It’s been a while since I published a blog, and there’s a reason for that. I’ve been finishing up a first draft on the sequel for my new novel “Invisible Ellen” titled, “Emerging Ellen.” When I am deep into a manuscript, I use up my words. I literally, (and that is the correct use of this word for a change) have no words left for extraneous pursuits, like long winded blogs.
Perhaps that’s why authors like twitter and FB when they’re working on a story. It’s a great way to say something and keep a connection without having to craft phrases and adjectives. It is actually true that we each of us have so many words to use up in a day. Women, not surprisingly, have more than men. This is because as the human race developed as tribes and villages, traditionally the women were the gatherers, healers, teachers and care givers, all things that required communication and a wide range of attention span. No child would have survived without a mother who could make a fire, find food, protect the home base, and watch the kids. The men, in many cultures, hunted, which required silence and focus on one narrow thing, the prey. As a result, our brains have evolved with different connections, we actually think and feel things differently, based on our history and experiences. This is not exclusive to our sex, by the way, those are just fun general facts. Recently, scientists have discovers a new brain protein, which women seem to have 30% more of than men, which relates to communication. On average, women have 13,000 more words to use in a day than men. That’s a sixth of a novel.
Hence, women often like to spend time talking to friends while some men prefer the focus of working in the garage, or a watching football game. Everyone has some exceptions to this rule. I prefer silence to almost anything else, I find it the world’s greatest luxury now. And I have a male lawyer who I cannot get off the phone. When he starts telling a story, he’s going to finish it, with every detail!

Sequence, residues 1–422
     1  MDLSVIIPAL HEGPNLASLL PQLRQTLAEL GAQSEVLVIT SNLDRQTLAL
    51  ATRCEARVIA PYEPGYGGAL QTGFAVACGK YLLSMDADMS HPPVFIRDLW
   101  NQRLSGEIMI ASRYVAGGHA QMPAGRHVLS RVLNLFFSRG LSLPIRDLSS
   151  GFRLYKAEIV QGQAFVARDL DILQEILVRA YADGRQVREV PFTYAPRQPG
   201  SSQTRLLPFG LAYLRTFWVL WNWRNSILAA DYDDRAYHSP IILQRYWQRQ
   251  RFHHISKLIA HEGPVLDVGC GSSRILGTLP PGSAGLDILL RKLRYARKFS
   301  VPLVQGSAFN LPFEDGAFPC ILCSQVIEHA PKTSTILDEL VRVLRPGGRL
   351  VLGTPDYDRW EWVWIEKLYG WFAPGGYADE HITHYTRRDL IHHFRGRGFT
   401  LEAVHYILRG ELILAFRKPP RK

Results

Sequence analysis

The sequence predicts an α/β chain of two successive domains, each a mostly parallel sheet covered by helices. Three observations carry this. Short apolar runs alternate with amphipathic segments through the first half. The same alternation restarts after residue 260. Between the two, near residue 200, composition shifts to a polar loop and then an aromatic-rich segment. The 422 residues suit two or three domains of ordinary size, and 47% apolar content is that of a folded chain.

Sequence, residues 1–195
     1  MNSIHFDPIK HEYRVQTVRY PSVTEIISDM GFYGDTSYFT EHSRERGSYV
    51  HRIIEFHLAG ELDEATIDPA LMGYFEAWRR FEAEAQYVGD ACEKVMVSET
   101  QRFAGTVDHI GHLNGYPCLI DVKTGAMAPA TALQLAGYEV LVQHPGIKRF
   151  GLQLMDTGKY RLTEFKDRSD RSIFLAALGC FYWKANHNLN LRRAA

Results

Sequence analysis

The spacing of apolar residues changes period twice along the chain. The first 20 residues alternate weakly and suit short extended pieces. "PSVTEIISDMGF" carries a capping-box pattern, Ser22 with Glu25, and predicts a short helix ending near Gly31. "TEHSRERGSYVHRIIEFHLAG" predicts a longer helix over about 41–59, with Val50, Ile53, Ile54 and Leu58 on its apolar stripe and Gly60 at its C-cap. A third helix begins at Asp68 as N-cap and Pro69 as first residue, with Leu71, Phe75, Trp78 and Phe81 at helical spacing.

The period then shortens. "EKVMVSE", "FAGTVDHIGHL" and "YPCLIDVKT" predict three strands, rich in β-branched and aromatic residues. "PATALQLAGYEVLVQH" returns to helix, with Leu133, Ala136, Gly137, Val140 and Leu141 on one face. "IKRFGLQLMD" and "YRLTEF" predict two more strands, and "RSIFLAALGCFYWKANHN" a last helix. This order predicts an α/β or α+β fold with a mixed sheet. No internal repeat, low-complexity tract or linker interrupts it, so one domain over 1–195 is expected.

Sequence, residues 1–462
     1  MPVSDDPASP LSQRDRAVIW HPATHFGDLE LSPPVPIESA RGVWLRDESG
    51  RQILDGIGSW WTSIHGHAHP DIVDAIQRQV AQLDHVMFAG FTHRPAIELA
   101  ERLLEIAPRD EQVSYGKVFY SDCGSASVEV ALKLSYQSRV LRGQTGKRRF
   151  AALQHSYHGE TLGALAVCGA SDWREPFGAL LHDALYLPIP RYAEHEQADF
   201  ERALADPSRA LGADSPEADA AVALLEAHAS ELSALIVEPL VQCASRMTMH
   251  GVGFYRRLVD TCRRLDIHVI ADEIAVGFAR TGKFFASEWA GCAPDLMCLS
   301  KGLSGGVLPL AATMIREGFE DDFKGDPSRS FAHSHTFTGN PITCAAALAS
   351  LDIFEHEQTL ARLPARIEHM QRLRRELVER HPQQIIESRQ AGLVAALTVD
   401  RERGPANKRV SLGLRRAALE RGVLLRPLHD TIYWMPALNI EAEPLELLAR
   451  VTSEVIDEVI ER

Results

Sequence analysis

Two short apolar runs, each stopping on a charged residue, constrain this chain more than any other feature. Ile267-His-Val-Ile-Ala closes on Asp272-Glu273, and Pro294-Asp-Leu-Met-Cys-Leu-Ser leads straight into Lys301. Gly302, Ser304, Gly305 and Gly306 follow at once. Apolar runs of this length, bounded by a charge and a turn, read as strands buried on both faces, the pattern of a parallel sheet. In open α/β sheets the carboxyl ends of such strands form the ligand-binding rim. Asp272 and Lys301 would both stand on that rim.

Even so, it’s funny that we criticize people for the very thing that makes us what we are. I often hear women complain that their men, ‘don’t like to talk.’ Often, when questioned, it’s because the man has spent his day talking at work, and his words are used up! Then you hear men complain that women natter all the time. Though less true than it used to be, this is often because a woman has spent her day with toddler’s who have a ten word vocabulary and by the time hubby gets home, they are starved for conversation. Of course, more and more, these scenarios are cross gender! Women who work all day just want a quiet evening, and stay at home dads would love a chatty night out!
In writing, we must find our voice. In filmmaking, we find our vision. They amount to the same thing. It’s called point of view, or what we uniquely have to offer. Ironically, both are visual imagination. In books, we create scenes from words, and each person who reads it, fills in the story with their own personal history. In film, words in the script are translated into scenes, visual mediums which include words, but offers less objective interpretation by the viewer. This is why we are so often disappointed in favorite books that are turned into films. Both have value, though books belong more to the reader than films to the viewer, if you consider the infinity of experiences of individual readers.
Voice and vision. Two things that I deal with in “Invisible Ellen.” Once character is blind, and appearances mean nothing to her, and one is ugly, and no one listens to her. Together though, they find not only friendship, but that thing we all crave, live for, and revel in, whether we understand it or not—human connection. Whether someone relates to your words, your pictures, your music, or just your shrug of surrender in a crowded post office when there’s only one person working, each of these things has equal value.
And so, I’m glad to be back with a short blog and say hello to you all. To make that connection, to hear your concerns and to learn what touches your heart. There is so much we have to offer, and to share.
It might be a book, it might be a song, and it might be a smile of compassion when sadness fills a fellow soul.
It’s all vision and voice. It’s all us, the great human connection.
Shari, February 21st, 2014.